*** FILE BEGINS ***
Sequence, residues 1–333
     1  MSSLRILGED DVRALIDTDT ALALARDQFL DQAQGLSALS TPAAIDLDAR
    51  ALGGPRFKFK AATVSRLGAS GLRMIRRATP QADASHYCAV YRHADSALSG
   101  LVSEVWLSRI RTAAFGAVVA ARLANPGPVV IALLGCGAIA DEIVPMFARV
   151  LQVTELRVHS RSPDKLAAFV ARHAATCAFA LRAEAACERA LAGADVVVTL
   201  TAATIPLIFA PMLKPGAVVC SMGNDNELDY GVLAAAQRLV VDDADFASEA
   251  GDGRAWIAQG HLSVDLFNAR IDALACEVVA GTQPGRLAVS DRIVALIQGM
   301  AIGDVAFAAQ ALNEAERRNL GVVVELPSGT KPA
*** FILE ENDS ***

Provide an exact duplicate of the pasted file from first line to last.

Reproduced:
Sequence, residues 1–333
     1  MSSLRILGED DVRALIDTDT ALALARDQFL DQAQGLSALS TPAAIDLDAR
    51  ALGGPRFKFK AATVSRLGAS GLRMIRRATP QADASHYCAV YRHADSALSG
   101  LVSEVWLSRI RTAAFGAVVA ARLANPGPVV IALLGCGAIA DEIVPMFARV
   151  LQVTELRVHS RSPDKLAAFV ARHAATCAFA LRAEAACERA LAGADVVVTL
   201  TAATIPLIFA PMLKPGAVVC SMGNDNELDY GVLAAAQRLV VDDADFASEA
   251  GDGRAWIAQG HLSVDLFNAR IDALACEVVA GTQPGRLAVS DRIVALIQGM
   301  AIGDVAFAAQ ALNEAERRNL GVVVELPSGT KPA